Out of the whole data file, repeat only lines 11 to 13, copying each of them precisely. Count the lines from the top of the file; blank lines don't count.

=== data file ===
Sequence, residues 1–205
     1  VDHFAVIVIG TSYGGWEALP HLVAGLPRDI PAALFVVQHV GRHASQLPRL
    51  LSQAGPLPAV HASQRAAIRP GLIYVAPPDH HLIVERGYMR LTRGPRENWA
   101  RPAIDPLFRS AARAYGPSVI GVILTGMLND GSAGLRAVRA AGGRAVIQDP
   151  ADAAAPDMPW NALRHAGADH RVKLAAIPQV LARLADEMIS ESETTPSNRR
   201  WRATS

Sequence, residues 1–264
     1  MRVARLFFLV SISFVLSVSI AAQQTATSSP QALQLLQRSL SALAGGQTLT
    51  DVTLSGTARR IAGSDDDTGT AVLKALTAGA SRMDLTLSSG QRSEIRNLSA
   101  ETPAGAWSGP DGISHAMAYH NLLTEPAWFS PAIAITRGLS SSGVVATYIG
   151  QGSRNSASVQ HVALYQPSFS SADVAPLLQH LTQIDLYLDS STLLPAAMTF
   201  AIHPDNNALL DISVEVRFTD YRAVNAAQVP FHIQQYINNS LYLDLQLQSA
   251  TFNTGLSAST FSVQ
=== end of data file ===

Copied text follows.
   151  QGSRNSASVQ HVALYQPSFS SADVAPLLQH LTQIDLYLDS STLLPAAMTF
   201  AIHPDNNALL DISVEVRFTD YRAVNAAQVP FHIQQYINNS LYLDLQLQSA
   251  TFNTGLSAST FSVQ